Far-right Sweden Democrats party reassigns staff after smear scandal

By Thomson Reuters May 16, 2024 | 9:02 AM

STOCKHOLM (Reuters) – The far-right Sweden Democrats, a party the government relies on to keep its coalition afloat, said on Thursday it would reassign staff and change tactics after a TV investigation revealed it had directed online smear campaigns ahead of EU elections.

An investigation by TV4 aired last week, featuring a report with a hidden camera, showed that the Sweden Democrats’ communications staff were involved in secret online campaigns directed at both political opponents and partners.

Party workers used anonymous social media accounts to troll and discredit rivals ahead of next month’s vote for the European Parliament, the broadcast showed.

Sweden Democrats said on Thursday that two of its communication office staff members had been reassigned to new duties and said it would tighten its social media policies.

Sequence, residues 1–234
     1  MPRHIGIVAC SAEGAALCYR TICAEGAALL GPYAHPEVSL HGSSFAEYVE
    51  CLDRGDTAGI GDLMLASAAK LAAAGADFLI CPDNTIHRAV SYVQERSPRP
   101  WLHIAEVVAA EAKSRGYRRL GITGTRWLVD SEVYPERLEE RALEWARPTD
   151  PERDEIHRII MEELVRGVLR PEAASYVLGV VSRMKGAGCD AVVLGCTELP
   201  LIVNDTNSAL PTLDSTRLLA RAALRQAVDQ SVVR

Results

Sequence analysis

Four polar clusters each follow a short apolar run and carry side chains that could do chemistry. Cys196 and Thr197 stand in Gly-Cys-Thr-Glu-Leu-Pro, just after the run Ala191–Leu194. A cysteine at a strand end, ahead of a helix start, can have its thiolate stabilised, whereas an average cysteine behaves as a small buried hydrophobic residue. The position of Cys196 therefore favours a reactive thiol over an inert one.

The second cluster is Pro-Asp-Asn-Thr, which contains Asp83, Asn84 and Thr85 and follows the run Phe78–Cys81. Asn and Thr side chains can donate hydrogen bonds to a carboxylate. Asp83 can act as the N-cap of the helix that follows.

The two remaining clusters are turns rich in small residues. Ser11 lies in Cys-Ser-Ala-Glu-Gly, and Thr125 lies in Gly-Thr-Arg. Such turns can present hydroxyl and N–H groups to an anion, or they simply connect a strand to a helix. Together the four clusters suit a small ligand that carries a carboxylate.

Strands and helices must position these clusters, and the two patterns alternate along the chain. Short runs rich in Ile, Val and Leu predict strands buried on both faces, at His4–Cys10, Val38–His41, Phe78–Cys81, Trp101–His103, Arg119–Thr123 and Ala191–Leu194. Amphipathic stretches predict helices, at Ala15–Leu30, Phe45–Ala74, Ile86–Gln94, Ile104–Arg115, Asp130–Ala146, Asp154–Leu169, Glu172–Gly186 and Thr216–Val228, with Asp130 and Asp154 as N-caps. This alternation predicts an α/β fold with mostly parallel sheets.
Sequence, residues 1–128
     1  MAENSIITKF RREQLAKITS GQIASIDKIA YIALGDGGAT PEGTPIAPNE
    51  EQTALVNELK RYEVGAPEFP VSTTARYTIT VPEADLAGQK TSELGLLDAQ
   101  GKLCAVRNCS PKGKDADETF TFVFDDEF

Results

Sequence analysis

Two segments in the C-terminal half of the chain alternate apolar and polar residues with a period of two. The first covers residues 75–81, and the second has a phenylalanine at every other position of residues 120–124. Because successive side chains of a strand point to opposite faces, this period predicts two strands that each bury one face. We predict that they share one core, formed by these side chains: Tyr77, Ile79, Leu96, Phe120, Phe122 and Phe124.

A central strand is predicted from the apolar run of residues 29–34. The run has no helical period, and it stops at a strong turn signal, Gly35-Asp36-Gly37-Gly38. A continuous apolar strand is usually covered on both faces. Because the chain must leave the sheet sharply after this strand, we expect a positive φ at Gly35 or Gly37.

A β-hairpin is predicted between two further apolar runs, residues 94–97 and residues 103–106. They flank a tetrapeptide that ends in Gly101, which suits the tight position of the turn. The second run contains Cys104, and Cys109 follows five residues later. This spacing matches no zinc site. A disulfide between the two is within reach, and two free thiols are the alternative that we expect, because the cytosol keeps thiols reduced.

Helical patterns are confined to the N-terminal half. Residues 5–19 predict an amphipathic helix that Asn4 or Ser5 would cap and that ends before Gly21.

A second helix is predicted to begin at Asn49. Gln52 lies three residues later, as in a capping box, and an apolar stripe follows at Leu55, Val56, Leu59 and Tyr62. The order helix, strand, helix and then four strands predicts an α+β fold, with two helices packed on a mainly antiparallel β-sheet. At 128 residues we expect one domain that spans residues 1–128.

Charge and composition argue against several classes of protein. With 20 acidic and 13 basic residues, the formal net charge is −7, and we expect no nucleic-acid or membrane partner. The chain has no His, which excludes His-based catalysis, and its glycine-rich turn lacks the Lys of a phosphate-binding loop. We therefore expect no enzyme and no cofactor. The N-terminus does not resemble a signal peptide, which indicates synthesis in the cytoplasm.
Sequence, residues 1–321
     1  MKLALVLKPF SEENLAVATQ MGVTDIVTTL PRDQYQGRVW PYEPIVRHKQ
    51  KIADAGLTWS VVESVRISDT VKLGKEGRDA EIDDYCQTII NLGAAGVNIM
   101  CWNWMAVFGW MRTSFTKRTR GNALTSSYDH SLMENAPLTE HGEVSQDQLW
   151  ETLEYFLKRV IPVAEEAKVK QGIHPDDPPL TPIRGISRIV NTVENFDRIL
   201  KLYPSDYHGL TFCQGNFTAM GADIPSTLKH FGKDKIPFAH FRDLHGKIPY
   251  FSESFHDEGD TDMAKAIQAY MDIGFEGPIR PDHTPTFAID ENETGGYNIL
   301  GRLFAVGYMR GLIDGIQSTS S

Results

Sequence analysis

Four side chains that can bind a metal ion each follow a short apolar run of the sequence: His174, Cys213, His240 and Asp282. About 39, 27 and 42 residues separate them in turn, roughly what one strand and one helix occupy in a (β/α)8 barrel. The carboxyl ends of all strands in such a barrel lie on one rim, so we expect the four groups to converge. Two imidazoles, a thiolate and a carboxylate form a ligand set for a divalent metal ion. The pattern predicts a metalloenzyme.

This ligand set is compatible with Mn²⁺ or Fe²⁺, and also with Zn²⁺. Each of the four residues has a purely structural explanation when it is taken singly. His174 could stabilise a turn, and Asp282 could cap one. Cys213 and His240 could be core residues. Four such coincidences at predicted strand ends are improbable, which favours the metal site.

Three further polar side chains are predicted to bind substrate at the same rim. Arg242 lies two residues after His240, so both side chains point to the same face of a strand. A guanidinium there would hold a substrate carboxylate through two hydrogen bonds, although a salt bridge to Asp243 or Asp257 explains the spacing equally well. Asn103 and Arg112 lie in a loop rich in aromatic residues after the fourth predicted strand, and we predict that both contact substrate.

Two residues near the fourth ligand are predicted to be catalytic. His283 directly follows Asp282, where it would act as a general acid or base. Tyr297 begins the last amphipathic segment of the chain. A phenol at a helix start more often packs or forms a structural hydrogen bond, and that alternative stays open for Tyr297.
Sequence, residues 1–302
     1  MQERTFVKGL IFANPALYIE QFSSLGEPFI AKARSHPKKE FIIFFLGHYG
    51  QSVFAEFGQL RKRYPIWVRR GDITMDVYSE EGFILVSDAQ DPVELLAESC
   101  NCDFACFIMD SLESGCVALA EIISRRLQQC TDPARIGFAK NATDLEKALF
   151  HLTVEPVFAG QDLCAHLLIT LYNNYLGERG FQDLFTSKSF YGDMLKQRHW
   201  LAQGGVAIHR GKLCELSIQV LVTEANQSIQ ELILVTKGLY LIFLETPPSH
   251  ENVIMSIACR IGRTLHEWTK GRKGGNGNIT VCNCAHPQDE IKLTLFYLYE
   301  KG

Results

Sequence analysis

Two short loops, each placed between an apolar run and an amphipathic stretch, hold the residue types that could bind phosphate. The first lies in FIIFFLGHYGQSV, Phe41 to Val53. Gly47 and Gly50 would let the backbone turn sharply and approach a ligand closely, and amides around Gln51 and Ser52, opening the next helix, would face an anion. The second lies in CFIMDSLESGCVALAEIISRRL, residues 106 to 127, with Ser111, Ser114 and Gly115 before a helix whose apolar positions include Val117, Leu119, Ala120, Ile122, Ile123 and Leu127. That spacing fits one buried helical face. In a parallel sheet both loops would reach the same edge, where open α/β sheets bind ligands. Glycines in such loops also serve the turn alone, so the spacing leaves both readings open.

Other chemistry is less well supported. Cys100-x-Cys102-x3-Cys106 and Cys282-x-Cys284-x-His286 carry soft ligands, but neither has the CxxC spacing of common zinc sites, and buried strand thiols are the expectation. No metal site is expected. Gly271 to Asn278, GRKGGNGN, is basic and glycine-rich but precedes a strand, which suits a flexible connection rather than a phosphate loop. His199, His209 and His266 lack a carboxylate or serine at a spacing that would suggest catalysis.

“We are prepared to make some minor adjustments to soften the tone going forward so that we can once again focus on solving important problems in society,” the party wrote in a comment to TT news agency.

Swedish Prime Minister Ulf Kristersson this week condemned the use of social media troll accounts which he said were a dangerous political tactic.

Kristersson’s Moderate Party formed a government coalition with two smaller centre-right parties after the 2022 election, but failed to win enough votes for a majority. He relies on votes from the Sweden Democrats, with whom he had previously promised to never work, through a cooperation agreement.

The anti-immigration Sweden Democrats party was formed in the late 1980s in part by activists with neo-Nazi and white supremacist ties.

Earlier this week the party had hit back at the TV4 report, saying it was a “domestic influence operation from the combined left-liberal establishment” and that it had only shared satire.

The Sweden Democrats did not immediately reply to a Reuters’ request for comment on Thursday.

(Reporting by Johan Ahlander; Editing by Ros Russell)